The Africa Study Bible comments on the verse include,

Levantine woman bearing a load.  (Olive wood carving from Israel)

It is common in rural Africa to see a mother, carrying  her child on her back while walking a long distance and carrying firewood or a bucket of water for the family on her head.  Yokes are not only for animals, but the poor or slaves might used yokes to pull loads on their neck and shoulders.

The Apostle Peter used this same imagery when arguing for the church to accept her new gentile converts, contrasting the heaviness of Old Testament Law with the lighter burden of the New Covenant in Christ,

Now, therefore, why are you putting God to the test by placing a yoke on the neck of the disciples that neither our fathers nor we have been able to bear? But we believe that we will be saved through the grace of the Lord Jesus, just as they will.  Acts 15:10-11 ESV

So as pious as it sounds to be driven here and there by Jesus, he’s actually calling us (telling us – the Dinka follows the Greek, in which Jesus says “take” as an imperative) to drop a lot of old crud that we lug around in efforts to be holy (or some virtue signaling secular facsimile), and to take up faith in Him.

He’s telling us to carry the lighter load of faith, the assurance of things not seen.  We carry out – I have a new take on that phrase, for sure – what we learn from him, following him rather than being driven,

Then Jesus said to his disciples, “If any of you wants to be my follower, you must turn from your selfish ways, take up your cross, and follow me.”  Matthew 16:24 NLT

Rather than being driven to a destination while chewing our cud (or whatever yoked farm animals do),  we discover the direction by walking on by faith in Jesus, learning from the one who’s lightened the burden and imitating his humble, gentle way as we go.  The load will be easy, but the travel will be tricky,

So whatever you wish that others would do to you, do also to them, for this is the Law and the Prophets.  Enter by the narrow gate.  For the gate is wide and the way is easy that leads to destruction, and those who enter by it are many.  For the gate is narrow and the way is hard that leads to life, and those who find it are few.  Matthew 7:12-14 ESV

OK, back to trying to pronounce some Scripture in Dinka.  Pray for me.

Oh, and since this is the internet, here’s that cat I mentioned,

sophia behind me

Don’t click away just ‘cuz it’s about “love”

As I reflect upon Sunday’s Gospel from the Revised Common Lectionary, I think that Televangelists with great hair are a better testimony to the majestic power of God,

And even the hairs of your head are all counted,

20160529_091828<<<<< than am I. Oh well. Just a musing, not my main point.

Back to Sunday’s Good News,

Whoever loves father or mother more than me is not worthy of me; and whoever loves son or daughter more than me is not worthy of me; and whoever does not take up the cross and follow me is not worthy of me. Those who find their life will lose it, and those who lose their life for my sake will find it.

It is a troubling passage. After all, the Lord also says that our love of others is part and parcel of the Great Commandment, as necessary as loving God if we are to please God. Sure, he calls love of neighbor the “second” but it is “like the first.”

Love for others is fruit of the Holy Spirit, by which Jesus says those who truly represent him can be identified.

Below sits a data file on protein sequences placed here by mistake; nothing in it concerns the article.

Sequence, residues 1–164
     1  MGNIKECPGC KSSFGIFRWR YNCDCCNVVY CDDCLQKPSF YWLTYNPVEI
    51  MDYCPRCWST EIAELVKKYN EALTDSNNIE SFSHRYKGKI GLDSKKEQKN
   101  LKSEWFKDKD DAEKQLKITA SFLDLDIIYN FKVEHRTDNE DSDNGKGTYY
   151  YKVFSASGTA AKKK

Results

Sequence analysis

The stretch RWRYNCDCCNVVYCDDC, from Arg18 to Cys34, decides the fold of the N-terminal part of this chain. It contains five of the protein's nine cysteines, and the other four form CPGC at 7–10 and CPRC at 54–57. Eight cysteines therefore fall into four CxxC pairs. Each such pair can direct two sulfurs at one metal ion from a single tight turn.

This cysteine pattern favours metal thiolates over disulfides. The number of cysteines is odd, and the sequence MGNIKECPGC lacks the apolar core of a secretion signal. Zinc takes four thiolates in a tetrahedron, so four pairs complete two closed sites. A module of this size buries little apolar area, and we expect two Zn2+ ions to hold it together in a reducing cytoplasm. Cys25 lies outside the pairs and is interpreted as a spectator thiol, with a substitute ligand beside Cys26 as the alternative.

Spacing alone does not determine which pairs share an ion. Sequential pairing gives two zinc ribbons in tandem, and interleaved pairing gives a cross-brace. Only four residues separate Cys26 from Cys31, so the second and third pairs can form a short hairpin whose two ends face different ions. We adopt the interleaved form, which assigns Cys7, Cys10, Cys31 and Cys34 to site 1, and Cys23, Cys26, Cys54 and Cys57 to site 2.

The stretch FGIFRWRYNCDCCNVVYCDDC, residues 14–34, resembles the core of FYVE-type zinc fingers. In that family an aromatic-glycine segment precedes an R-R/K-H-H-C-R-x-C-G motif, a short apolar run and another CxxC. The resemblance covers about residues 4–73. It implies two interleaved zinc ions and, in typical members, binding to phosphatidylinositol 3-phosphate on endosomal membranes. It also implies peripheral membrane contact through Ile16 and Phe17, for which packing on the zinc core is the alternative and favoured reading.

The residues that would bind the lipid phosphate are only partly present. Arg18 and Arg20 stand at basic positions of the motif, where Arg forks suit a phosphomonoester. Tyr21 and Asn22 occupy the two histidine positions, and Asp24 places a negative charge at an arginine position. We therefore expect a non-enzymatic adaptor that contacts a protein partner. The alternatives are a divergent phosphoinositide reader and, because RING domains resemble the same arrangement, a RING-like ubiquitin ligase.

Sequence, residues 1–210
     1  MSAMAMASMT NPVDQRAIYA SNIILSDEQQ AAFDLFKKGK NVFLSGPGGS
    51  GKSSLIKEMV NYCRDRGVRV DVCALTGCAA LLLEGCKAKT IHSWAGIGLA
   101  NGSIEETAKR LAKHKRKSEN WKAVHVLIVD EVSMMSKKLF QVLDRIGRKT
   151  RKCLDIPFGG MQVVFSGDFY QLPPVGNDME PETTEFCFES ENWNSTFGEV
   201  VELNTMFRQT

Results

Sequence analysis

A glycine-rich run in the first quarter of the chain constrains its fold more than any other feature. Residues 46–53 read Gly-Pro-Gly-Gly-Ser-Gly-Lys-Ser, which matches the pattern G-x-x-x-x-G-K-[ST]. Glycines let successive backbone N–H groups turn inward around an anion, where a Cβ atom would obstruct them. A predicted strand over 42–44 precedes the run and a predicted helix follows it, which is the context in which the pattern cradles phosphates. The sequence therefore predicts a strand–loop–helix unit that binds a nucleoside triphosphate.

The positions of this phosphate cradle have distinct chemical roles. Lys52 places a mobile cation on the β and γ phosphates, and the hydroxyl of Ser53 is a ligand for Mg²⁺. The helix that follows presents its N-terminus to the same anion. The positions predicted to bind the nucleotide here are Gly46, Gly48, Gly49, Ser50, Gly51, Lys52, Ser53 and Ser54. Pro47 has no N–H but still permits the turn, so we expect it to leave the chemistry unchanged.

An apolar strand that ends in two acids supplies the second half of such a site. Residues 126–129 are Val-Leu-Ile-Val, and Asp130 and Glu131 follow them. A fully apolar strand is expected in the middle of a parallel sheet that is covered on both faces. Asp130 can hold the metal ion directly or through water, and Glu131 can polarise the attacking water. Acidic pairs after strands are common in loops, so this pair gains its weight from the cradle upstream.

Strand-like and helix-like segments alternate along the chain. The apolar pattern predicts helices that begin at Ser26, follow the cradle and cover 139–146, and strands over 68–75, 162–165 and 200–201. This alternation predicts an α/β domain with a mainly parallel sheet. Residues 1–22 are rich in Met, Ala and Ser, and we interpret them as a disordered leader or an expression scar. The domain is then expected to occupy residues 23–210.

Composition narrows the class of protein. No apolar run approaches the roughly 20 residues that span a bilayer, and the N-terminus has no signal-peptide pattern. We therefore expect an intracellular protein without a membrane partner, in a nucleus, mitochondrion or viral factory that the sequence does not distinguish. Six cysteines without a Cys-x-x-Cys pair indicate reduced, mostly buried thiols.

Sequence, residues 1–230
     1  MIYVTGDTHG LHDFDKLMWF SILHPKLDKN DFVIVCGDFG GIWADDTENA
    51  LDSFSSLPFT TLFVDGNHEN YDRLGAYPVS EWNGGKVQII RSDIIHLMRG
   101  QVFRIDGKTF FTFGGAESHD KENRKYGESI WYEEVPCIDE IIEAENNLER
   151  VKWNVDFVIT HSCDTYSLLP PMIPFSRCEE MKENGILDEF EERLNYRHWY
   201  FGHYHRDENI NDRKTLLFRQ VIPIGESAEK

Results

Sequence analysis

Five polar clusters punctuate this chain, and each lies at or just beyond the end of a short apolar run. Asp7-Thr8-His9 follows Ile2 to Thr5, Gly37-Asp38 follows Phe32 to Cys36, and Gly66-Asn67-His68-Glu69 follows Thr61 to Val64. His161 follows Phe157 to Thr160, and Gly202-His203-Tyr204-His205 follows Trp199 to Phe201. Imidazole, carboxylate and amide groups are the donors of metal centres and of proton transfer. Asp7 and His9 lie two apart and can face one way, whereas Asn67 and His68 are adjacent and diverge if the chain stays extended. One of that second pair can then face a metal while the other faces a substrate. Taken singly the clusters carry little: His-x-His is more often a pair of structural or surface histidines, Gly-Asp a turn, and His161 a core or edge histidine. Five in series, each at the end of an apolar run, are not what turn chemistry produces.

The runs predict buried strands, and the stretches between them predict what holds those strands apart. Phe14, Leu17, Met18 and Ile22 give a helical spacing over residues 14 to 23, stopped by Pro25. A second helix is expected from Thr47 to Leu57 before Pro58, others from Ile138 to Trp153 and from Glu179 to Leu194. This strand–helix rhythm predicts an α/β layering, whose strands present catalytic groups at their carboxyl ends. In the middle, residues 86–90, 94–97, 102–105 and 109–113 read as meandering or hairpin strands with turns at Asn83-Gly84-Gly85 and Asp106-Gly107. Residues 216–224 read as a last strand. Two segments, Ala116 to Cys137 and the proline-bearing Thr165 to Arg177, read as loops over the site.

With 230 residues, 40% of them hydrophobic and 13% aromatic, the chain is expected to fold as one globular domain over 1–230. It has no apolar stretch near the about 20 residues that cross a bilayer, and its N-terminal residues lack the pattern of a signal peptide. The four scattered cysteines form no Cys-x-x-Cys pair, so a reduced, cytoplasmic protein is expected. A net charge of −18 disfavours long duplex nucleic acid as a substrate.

The Apostolic letters of Christ’s New Covenant command love within families and among church members.

We can wax glib (which really means we’re on the wane, IMO) and say, God first, family second, work third.  But such slogans run the risk of Christ’s rebuke, Not everyone who says to me, ‘Lord, Lord,’ will enter the kingdom of heaven, but the one who does the will of my Father who is in heaven. 

The Father’s will is revealed in the Greek word for love that Christ speaks here.  It is philon, the word for affection between equals, as between siblings or friends.  It’s not about passionate feeling or over-the-top sacrifice or miracles,  but about the work-a-day bonds of life that manifest our priorities.

This is continued in the Apostolic teaching of James 4:4,

You adulterous people! Do you not know that friendship (philia) with the world is enmity with God? Therefore whoever wishes to be a friend (philos) of the world makes himself an enemy of God.

Leading “normal” life attentive only to the people and stuff we enjoy, without attentiveness to Christ as a friend alongside us, is the adulterous friendship with the world against which James is warning.

So our ueber-friendship with God is not to plunge into religious zealotry, manifested in public displays of piety or “spirituality.”  Rather, it is to take up the cross (daily, as Luke reveals), walking in sometimes uncomfortable friendship with Jesus with the same attention to efforts, empathy and reactivity that we invest in family relationships and friendship bonds.  It is to treat our friendship with Jesus with at least the same intensity that we have for those we enjoy most in this world.

It is to be “on” all the time, not in some “religious” venue apart from the rest of our daily lives.  This friendship with Jesus is loaded with honor,  support and practical direction supplied by the Word of God, 

No longer do I call you servants, for the servant does not know what his master is doing; but I have called you friends (philouos), for all that I have heard from my Father I have made known to you.  You did not choose me, but I chose you and appointed you that you should go and bear fruit and that your fruit should abide, so that whatever you ask the Father in my name, he may give it to you. These things I command you, so that you will love one another.

I bolded that last love because in this verse Jesus uses the term agapate, escalating from simple friendship to affection that manifests as self-sacrifice.  As Sunday’s Gospel puts it, Those who find their life will lose it, and those who lose their life for my sake will find it.

The Good News is that if we walk as friends with Jesus, his power, not our anxious, straining will and effort, can take our love for other people to a supernatural level.